Rickard Rydell was born into a motorsport family. His father Roger competed in rally in his youth and brother Jens raced karts.”It was logical for me to try out karting even though I was doing other sports. At the time the age limit to compete was 10 years but I practised a year before my first race.”Results were improving and at the age of 16 and 17 Rickard won the Swedish Championship title in the Class A 100 cc, the career class at the time
”I did not have big plans to continue in motorsport but Dad came in contact with Picko Troberg who became my manager. Without Picko’s work with teams and sponsors, there would never have been a racing career for me.”
Picko placed Rickard in his Formula 3 team in 1986. Coming from karting to F3 was a big step. Prior to his first race Rickard hadn’t even seen a real car race. The season was a learning year but it was soon to be better. In 1987 he was second in the championship and in 1988 Rickard was heading for the gold as he retired in the final race and had to settle for silver.
After three seasons in domestic racing Picko brought his protégé to Eddie Jordan Racing in the British Formula 3 series in 1989.
”Eddie Jordan was always fair to me and we got along well. In the F3 championship, I was fourth overall and best of the Reynard drivers. I finished the season with a pole position at the FIA Macau World Cup race but unfortunately crashed in turn one. The results this year laid the foundation for a long professional career.”
In 1990 Rickard drove in the British Formula 3000 series, finishing fourth after missing a couple of races due to an accident at the Snetterton race. The season also included races in other categories. He made his first start in the Le Mans 24 Hours and also competed in Japan, for the first time as a paid driver in his career. In the Japanese sportscar championship he shared the car with Johnny Herbert and Bob Wollek.
”Toyota contacted me and I drove four races in Japanese F3 for TOM’S and on top of that four races in Group C for Team Schuppan. Group C was incredibly fast and in qualifying at Fuji, I drove 364 kph in qualifying mode with a Porsche 962.”
As a Toyota factory driver, he was sent to Britain in 1991 to drive TOM’S own F3 racer in the series. The 1991 season is considered to be one of the best years in the championship’s history with drivers like Gil de Ferran, David Coulthard and Rubens Barichello. TOM’S chassis was very good, but the engine was lacking power. There was just one win, in the first race, and a sixth place overall in the championship.
The following two years Rickard raced for TOM’S in the Japanese F3 championship. He finished third in 1992 and second in 1993. At that time it was popular for Europeans to compete in Japan. Mika Salo, Eddie Irvine and Tom Kristensen were a few of those who raced against Rickard, but also Canadian Jacques Villeneuve. In addition to the Formula 3 commitments, there was a couple of races in Formula Nippon too, Japan’s equivalent of Formula 3000, as a team mate to Irvine.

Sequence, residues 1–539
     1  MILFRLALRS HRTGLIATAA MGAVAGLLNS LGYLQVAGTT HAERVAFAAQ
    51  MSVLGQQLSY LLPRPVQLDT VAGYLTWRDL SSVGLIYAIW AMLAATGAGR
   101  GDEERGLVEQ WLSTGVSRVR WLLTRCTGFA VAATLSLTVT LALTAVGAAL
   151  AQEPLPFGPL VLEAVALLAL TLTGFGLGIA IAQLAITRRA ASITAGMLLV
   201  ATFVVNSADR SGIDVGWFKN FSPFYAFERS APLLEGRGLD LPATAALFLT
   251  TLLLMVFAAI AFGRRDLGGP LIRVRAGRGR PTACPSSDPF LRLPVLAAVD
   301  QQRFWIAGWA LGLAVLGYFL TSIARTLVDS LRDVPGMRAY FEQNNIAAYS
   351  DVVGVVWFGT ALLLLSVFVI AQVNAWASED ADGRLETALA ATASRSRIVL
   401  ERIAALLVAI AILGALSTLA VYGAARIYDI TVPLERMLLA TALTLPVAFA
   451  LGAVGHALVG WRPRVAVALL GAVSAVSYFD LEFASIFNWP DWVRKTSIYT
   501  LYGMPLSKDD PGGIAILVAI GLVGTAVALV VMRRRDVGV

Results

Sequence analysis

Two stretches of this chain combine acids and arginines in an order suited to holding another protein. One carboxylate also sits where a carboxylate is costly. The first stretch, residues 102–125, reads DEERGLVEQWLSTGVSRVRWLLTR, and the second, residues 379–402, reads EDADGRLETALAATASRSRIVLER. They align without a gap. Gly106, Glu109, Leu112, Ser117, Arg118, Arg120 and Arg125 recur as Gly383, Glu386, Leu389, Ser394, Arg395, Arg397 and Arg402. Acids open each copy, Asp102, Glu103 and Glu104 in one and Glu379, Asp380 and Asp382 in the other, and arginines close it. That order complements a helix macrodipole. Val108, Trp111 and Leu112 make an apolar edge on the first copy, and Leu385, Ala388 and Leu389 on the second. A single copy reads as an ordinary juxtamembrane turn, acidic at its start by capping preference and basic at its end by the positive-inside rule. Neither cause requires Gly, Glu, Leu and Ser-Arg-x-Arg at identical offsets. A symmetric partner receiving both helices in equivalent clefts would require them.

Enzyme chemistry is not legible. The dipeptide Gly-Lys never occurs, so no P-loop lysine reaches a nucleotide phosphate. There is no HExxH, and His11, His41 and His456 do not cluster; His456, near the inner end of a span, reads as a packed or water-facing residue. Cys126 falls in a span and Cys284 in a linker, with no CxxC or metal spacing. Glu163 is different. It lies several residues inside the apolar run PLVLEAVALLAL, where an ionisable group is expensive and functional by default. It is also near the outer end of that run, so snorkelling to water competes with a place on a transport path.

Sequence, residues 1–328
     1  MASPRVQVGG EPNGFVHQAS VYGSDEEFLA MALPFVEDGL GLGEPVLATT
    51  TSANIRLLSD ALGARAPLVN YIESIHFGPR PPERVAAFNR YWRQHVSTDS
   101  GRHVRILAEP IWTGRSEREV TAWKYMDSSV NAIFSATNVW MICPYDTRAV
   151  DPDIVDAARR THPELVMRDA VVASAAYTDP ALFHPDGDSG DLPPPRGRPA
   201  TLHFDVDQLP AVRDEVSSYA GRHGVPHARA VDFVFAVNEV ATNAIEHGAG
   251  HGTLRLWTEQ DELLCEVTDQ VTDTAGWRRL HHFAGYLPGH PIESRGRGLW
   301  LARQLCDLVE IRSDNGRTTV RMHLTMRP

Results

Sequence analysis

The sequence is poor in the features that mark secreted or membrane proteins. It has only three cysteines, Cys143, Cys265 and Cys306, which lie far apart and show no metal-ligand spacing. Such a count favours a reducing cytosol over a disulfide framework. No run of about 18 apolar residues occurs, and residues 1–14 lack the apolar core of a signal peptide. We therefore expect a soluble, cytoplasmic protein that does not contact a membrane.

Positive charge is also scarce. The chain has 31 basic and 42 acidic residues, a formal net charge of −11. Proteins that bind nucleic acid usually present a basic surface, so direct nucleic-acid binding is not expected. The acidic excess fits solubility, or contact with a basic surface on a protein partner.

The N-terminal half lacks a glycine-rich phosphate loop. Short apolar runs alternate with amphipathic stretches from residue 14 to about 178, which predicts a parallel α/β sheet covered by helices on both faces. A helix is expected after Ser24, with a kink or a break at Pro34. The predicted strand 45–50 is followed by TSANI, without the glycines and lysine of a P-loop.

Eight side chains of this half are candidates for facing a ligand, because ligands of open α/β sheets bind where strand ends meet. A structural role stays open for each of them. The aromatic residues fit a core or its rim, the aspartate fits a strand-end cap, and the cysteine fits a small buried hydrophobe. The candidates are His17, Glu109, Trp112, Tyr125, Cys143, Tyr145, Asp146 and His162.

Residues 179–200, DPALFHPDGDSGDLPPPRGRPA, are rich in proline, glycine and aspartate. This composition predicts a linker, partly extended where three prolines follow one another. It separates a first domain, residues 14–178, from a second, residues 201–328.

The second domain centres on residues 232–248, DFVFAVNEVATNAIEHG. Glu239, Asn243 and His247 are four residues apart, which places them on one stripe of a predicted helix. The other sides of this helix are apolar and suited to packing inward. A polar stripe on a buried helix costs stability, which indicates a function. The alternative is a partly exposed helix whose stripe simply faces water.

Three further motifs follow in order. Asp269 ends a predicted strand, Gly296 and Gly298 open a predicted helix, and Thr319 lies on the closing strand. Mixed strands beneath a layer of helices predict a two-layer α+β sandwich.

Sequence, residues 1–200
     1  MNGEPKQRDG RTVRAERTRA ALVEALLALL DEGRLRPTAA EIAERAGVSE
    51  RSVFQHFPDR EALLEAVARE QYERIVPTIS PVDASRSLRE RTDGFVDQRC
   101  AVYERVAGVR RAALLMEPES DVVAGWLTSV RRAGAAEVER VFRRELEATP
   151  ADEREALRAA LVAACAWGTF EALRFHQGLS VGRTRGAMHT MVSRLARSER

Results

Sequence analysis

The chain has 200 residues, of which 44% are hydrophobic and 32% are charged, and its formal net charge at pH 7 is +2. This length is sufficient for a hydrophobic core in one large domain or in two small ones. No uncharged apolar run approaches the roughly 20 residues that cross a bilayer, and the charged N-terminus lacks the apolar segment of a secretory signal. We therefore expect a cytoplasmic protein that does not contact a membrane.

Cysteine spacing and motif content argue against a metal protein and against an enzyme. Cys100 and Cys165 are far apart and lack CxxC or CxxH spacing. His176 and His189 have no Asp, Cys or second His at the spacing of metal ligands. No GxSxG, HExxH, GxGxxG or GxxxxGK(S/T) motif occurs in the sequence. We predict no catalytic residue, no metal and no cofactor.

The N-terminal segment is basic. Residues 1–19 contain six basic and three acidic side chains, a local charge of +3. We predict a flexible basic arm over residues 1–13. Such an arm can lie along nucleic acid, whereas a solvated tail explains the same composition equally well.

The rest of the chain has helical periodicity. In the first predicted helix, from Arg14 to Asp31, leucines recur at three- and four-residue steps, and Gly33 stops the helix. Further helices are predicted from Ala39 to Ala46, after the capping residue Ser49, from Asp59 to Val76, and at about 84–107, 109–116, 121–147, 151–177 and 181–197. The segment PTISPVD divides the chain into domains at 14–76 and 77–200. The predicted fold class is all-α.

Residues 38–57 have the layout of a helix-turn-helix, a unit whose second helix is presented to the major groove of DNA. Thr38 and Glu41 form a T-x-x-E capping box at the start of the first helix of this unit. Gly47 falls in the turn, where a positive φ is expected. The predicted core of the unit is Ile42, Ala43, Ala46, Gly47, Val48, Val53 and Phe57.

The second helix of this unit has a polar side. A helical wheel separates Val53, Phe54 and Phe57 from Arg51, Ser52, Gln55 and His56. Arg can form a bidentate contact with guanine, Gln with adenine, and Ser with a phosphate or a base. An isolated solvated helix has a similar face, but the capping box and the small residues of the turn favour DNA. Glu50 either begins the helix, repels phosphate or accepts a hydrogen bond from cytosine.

”It was a tyre war in Formula Nippon and the times we did in qualifying at Suzuka were good enough to line up in 15th on the grid for the Formula 1 race in 1992.”
In 1992 Rydell clinched his greatest success to date when he won the Macau Grand Prix. The race was the FIA World Cup for Formula 3. Rickard was about to repeat the success in 1993, when a small rock damaged a cooler. However, while leading he managed to set a lap record that stood for a long time.
”After the victory in Macau we had an offer to drive for Jordan in Formula 1 in 1993. A lot of money, at least for us but not compared to today’s budgets, was needed. The interest in F1 in Sweden wasn’t big – the races weren’t even broadcasted on TV.”
Although the Jordan drive never materialized, Rydell still had his mind set on Formula 1.
”Before the 1994 season, I had an agreement with a Formula Nippon team but health problems with a collapsed lung made me rethink my situation when I received an interesting offer …”
It was Tom Walkinshaw who asked Rickard to race with Volvo in the British Touring Car Championship. Volvo was back on track and they had brought in top team Tom Walkinshaw Racing, TWR, to run two cars.
”When I signed for TWR, I did not know that we would compete with an estate car, but the choice was a smart move as it was always going to be a learning year.”
The first season, 1994, was not a great success in terms of results but at least Volvo won the PR race. For the second year the team came more prepared and Rickard set a new qualifying record with 13 pole positions of a possible 25. Unfortunately, there was only four wins since the Dunlop tires, run by the Volvo Team, could not match the Michelin, run by most teams, in the races. The television program Race on Swedish TV, that covered the BTCC, made Rickard Rydell a household name in Sweden.
The highlight of the BTCC years were the championship win in 1998, probably the best ever year in the history of the BTCC. Eight manufacturers invested large sums of money in the series and the competition was stiff. Rickard’s season was crowned with victory in the Australian classic Bathurst 1000 together with Jim Richards.
Late 1999 Volvo withdrew from the BTCC. Rickard had a contract for two more seasons and was loaned to Ford, which now owned Volvo, during the 2000 season. It was also to became Rickard’s last year in the championship. The years in the UK were successful with championship finishes 14-3-3-4-1-3-3 between 1994 and 2000. In total Rickard took 21 victories and 47 pole positions.